Today, the International Monetary Fund released its model for evaluating and designing oil and mining deals in resource-rich countries. We welcome the move. With growing availability of open data on extractives and a growing community of users of such models, it’s an important step toward bettering public scrutiny and understanding of resource deals and the flow of revenues.
Last year, we wrote about why this matters so much for citizens and governments. Models like the Fiscal Analysis of Resource Industries (FARI) are used to design the deals countries sign with companies to extract their resource wealth. Lots of data, assumptions and forecasts go into these models. This can have major consequences for the revenues that countries subsequently receive. Therefore, these models are a crucial step in opening up a discussion on whether countries are “getting a good deal” for their resources. Open models help citizens to monitor contracts enhance public understanding of what money is to be expected to reach the budget.
Today’s release makes the Excel-based model available for use by anyone. The IMF's completed models or results for any particular analysis are still not typically available—governments can opt-out from disclosing them. However, an increasing number of reports are becoming accessible. (See a Philippines example or a full list on the FARI site.)
If governments fail to disclose their own projections or citizens want to challenge the assumptions, the public can now access the framework and put it to work using their own data.
How does modeling help resource-rich countries?
Over the last year, we and our colleagues have demonstrated how open modeling can benefit citizens and governments.
When details of a gas agreement was leaked in Tanzania, lack of understanding of the deal created confusion and some unfounded allegations. With modeling of the fiscal terms, we were able to help clarify the story. We also conducted a retrospective review of earlier rosy forecasts on the potential of a new iron ore mine in Sierra Leone and discussed lessons for forecasting in challenging governance environments. In Ghana, we helped MPs and CSOs assess the potential implications of the oil price fall on the country’s 2015 budget.
Many other CSOs and consultancies have also started to use open fiscal models as part of their work. Global Witness has shed light on controversial contracts in Uganda, while OpenOil built models for a Glencore mine in Chad and a gold mine in Tanzania.
The future of open fiscal models
The FARI is the state-of-the-art tool for modeling resource projects. Government officials, experts from international organizations and independent consultants have been trained to use the model. This model was often exchanged using USB disks or e-mails; it’s now becoming available to all.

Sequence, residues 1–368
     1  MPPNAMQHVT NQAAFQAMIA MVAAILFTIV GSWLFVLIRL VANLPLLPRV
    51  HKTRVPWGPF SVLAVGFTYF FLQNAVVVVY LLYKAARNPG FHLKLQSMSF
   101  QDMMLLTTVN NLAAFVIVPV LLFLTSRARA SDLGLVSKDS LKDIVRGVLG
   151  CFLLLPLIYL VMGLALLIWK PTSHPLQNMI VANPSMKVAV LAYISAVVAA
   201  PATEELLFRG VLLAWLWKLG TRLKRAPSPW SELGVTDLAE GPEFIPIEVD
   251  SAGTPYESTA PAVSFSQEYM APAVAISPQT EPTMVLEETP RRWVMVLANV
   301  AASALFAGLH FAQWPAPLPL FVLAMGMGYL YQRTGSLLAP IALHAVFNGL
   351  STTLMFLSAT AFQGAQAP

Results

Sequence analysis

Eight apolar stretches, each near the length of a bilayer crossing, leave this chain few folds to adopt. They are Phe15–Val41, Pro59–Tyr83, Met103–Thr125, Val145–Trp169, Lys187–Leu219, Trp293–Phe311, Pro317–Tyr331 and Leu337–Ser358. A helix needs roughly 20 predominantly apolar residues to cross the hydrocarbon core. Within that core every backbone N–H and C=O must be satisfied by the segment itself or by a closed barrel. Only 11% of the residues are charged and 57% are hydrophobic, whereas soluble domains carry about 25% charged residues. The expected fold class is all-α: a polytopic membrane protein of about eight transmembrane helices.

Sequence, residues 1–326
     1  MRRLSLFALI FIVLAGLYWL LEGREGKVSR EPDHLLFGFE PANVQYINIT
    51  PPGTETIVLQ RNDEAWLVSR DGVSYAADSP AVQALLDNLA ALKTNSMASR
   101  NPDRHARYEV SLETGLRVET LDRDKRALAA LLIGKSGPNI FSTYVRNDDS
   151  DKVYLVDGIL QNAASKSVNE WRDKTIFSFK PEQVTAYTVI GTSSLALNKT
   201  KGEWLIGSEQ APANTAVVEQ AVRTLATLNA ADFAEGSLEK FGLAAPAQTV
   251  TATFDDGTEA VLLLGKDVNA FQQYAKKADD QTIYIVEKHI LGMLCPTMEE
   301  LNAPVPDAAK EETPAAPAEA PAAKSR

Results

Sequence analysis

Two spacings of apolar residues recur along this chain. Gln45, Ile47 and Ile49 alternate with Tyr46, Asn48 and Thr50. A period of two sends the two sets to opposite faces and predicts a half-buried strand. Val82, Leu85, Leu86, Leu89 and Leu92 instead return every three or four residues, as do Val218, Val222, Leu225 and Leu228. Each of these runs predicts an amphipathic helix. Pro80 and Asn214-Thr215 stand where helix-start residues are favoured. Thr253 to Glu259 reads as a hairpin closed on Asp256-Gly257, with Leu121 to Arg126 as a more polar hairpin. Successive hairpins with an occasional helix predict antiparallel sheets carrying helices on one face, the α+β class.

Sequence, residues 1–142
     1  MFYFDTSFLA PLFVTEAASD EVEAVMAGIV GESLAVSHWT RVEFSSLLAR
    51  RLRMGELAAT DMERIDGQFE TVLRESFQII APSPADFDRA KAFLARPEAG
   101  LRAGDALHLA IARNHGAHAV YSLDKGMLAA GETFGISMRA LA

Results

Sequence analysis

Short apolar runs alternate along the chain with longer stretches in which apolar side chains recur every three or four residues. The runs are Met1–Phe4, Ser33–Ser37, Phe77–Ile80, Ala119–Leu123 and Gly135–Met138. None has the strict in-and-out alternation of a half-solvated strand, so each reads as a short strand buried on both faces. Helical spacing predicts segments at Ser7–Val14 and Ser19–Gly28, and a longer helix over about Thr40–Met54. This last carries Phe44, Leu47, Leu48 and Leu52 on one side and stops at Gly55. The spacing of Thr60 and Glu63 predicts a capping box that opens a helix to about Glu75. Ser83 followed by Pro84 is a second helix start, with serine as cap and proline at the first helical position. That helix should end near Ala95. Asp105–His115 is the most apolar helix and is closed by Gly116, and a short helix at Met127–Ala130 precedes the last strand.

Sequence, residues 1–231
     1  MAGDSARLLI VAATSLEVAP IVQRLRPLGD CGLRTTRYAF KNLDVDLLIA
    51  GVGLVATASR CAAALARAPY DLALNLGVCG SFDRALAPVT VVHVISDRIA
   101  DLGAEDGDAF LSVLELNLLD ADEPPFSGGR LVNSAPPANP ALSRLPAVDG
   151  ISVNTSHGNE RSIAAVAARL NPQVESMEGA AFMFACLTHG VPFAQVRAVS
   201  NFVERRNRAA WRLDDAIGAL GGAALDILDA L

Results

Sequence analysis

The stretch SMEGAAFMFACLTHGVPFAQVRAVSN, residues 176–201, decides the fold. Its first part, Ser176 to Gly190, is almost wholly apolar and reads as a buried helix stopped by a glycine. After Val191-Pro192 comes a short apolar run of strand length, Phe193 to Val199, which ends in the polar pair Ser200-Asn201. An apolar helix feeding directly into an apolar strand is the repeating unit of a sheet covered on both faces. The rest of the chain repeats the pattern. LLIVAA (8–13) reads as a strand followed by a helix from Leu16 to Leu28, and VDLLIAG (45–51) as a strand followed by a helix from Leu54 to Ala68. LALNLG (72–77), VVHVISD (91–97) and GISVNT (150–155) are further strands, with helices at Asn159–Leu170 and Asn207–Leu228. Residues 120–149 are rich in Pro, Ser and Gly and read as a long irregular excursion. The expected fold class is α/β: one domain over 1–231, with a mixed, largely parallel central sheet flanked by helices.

To make use of this powerful tool, users will need to get access to critical information on the projects they want to model. Until this point, efforts have been hampered by the closed nature of models, but also by limited access to data. Secret contracts, undisclosed tax payments and hidden cost assumptions make such analysis challenging.
First and foremost are resource contracts, which provide the key input to these models. They describe the tax terms applicable for a particular oil field or mine. As governments and companies realize it is in their interest to disclose these contracts to help dispel suspicion or rumor about the deals struck, the availability of contracts is growing rapidly. We are currently working with partners to upgrade the resource contracts directory and to maximize interoperability with fiscal models. We are doing this by annotating key terms in the contracts and making them fully searchable as raw text. The new resource contracts website will be launched at the Open Government Partnership Global Summit in Mexico City in October.
Another critical component is data that discloses revenues, costs, production and reserves at the project level. NRGI scraped 223 Extractive Industries Transparency Initiative reports originally in PDF format to unlock machine-readable data. Based on successful implementation of similar laws in the U.K., we made recommendations to the U.S. Securities and Exchange Commission on how to disclose data on payments by extractive companies to maximize usability and interoperability. We are also building a new repository to harvest project-level data scattered across different sources—it will be released later this year.
Next year will mark a new milestone: project-level reporting in many new EITI reports and the release of project-level payment data by all U.K.- and French-listed or large registered extractive companies. This will bring a flood of new project-level information with which to model.
For those interested in what the release of the FARI model might mean, or how you can go about modeling a contract or project in your country, please get in touch. You can email us directly at firstname.lastname@example.org. Also, please sign up to our Google Group for those interested in learning more about resource projects.
Jim Cust is NRGI’s director of research and data. David Mihalyi is an NRGI economic analyst.